In addition to importing operating system images that are offline, you can import images from VMs that are online and running.
Licenses and license activation
After verifying that you are importing a compatible OS, you are responsible for checking that your licensing agreements permit you to use the software in the manner described in this documentation and that you are permitted to use the guest OS image and license import environment provided by Google. Note that you are also responsible for preparing your guest OS image for import according to your licensing agreements.
To activate a license, use startup scripts with your activation keys, or set up the Cloud Key Management Service. You can't activate images with existing licenses against Compute Engine's license server.
After importing your image and activating the license, provision a VM based on the imported image onto a sole-tenant node.
Physical core and processor usage
If you use the image import process to bring images with existing licenses to Google Cloud, you must do the following:
- Prepare the images according to your license agreements
- Activate your licenses
- Track the license usage of your VMs
- Report license consumption to your vendor
To help you with reporting your license consumption, Google provides tools to help you track both license usage and physical core and processor usage.
Depending on your licensing scenarios and your workloads, you might want to limit the number of physical cores used by your VMs. Sole-tenant nodes provide the following configuration options, which vary based on how and whether VMs are live migrated during monthly maintenance events on the host:
VMs live migrate to any server: Physical core usage is not minimized during host maintenance events, and VMs are moved to a new host without regard for affinity to a certain set of servers. This is the default configuration option, and is recommended for per-user or per-device licenses.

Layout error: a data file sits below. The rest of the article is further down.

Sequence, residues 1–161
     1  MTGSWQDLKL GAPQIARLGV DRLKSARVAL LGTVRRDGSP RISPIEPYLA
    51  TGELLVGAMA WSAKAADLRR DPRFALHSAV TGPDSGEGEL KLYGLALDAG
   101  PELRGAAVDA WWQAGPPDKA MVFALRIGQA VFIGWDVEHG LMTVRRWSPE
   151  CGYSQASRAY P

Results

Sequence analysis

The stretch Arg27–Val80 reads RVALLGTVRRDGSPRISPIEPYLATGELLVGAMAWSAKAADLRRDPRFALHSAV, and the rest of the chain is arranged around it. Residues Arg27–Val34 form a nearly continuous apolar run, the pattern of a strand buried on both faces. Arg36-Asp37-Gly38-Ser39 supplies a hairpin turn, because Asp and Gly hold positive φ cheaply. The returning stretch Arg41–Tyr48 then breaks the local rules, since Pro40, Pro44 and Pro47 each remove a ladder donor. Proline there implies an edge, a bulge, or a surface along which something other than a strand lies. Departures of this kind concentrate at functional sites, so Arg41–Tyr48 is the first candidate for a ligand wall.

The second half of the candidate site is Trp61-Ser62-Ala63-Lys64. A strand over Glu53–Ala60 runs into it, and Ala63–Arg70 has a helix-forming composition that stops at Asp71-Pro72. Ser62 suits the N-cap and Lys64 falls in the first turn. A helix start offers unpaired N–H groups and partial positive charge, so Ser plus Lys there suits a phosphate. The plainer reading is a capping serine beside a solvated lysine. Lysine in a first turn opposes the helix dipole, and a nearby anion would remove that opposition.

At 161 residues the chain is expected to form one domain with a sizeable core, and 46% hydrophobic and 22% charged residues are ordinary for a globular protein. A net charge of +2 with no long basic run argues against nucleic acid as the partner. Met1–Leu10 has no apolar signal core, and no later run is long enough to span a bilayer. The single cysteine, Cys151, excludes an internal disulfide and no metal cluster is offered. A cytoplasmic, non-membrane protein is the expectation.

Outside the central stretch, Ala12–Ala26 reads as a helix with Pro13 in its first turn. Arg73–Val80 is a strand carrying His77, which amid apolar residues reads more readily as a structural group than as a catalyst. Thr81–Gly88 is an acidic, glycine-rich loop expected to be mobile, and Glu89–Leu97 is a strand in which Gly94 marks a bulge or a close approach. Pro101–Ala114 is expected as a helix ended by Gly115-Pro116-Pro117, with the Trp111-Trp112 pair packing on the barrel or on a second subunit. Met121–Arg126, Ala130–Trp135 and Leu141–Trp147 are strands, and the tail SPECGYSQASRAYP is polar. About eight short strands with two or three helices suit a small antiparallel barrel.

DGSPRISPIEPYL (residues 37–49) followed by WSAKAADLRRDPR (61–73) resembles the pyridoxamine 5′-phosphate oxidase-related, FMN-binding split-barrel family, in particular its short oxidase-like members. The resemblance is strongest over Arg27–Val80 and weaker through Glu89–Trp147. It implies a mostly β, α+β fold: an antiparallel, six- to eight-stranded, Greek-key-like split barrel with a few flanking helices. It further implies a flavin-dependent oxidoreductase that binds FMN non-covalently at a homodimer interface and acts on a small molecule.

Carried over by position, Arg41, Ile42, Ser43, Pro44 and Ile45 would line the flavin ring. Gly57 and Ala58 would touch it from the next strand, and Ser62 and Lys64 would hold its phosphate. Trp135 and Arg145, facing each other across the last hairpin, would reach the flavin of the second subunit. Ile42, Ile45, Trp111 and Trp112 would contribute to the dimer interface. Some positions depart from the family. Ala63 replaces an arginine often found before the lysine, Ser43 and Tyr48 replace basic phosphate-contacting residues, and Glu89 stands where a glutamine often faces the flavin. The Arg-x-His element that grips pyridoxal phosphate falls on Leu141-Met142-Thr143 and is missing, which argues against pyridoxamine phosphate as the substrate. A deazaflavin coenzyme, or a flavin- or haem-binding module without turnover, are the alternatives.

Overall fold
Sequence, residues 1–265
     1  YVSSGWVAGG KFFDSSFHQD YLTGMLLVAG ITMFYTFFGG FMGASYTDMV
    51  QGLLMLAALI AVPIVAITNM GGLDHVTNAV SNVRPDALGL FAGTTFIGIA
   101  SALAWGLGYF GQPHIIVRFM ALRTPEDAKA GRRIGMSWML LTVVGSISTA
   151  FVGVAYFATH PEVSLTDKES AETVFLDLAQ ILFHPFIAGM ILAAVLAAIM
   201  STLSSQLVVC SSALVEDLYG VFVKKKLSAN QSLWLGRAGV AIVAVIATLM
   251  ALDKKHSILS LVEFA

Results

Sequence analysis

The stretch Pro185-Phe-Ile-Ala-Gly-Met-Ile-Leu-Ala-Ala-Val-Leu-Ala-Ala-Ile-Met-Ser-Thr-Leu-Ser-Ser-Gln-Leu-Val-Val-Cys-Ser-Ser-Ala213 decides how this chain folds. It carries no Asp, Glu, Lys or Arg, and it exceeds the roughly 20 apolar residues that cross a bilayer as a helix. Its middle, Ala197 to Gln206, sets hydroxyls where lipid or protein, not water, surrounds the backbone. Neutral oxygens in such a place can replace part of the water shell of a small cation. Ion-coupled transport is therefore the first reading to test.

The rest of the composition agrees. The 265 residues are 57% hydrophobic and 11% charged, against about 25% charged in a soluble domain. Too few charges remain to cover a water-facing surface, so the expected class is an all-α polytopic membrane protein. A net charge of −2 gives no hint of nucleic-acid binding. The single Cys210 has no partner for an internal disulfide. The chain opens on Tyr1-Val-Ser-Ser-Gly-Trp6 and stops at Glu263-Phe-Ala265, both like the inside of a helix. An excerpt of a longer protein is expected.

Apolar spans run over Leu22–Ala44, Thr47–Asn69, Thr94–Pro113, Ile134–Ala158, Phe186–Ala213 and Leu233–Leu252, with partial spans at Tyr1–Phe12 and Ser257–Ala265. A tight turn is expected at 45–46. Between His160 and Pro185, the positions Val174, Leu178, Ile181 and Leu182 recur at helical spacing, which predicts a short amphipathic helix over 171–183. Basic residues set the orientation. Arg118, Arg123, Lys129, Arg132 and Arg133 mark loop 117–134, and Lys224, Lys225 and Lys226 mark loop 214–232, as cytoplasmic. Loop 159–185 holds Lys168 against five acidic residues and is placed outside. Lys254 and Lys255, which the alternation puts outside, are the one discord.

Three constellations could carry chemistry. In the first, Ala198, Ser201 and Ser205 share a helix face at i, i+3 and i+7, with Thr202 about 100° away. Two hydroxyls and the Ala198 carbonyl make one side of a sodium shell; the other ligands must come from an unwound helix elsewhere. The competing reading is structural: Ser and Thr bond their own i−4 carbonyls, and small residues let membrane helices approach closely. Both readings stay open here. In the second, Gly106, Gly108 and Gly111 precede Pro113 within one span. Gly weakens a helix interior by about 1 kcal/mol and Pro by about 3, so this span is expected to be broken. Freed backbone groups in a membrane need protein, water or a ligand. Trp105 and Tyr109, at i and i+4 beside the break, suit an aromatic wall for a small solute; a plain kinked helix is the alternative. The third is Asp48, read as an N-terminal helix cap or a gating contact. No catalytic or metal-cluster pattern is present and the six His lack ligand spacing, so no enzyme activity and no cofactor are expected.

VMs restart in-place: VMs are terminated and then restarted on the same physical server during a host maintenance event, which occur approximately every 4 to 6 weeks. This option is recommended for workloads that are fault-tolerant and must remain on the same physical server, or for licenses that are based on the number of physical cores or processors.
VMs live migrate within a sole-tenant node group: VMs are live migrated within a fixed pool of physical servers (sole-tenant node group) during host maintenance events. Unlike the default setting where VMs live migrate to any server, with this setting, nodes in a sole-tenant node group are pinned to a fixed set of physical servers to support server-bound licenses. To ensure capacity for live migration, Compute Engine automatically reserves one out of every twenty nodes (5 percent) that you provision. This option is recommended for high-availability workloads with licenses that are based on the number of physical cores or processors.
Rarely, a server might experience a critical hardware failure. If this happens, Compute Engine retires the physical server and its unique identifier, revokes access to the physical server, assigns a replacement node with a new unique identifier, and moves your VMs onto the replacement node. Depending on the configuration of your sole-tenant nodes, Compute Engine might restart your VMs.